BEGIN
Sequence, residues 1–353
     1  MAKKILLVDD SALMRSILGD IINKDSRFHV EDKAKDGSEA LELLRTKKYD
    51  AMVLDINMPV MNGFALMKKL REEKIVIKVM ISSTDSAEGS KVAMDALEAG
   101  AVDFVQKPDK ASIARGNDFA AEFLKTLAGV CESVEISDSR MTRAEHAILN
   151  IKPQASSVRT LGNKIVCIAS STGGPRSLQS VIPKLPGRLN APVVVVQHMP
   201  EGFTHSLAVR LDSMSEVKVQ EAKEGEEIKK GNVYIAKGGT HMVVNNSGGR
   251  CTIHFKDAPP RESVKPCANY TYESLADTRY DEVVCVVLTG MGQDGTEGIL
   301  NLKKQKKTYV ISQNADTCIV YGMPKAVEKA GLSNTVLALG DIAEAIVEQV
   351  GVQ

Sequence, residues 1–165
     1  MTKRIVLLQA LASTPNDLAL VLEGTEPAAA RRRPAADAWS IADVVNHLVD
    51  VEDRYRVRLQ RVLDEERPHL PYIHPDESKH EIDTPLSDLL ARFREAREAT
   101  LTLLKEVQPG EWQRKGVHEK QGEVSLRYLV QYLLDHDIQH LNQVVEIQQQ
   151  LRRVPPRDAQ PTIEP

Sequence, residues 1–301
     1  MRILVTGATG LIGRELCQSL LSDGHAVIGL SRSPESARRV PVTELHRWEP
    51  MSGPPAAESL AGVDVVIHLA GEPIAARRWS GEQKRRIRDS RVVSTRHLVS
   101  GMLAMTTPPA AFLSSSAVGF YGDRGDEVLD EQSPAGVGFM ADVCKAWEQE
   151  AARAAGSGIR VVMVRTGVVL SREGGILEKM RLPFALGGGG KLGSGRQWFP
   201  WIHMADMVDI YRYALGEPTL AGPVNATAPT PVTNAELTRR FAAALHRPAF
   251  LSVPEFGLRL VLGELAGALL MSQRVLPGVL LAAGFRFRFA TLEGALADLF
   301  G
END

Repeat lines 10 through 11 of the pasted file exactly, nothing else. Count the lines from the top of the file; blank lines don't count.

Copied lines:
Sequence, residues 1–165
     1  MTKRIVLLQA LASTPNDLAL VLEGTEPAAA RRRPAADAWS IADVVNHLVD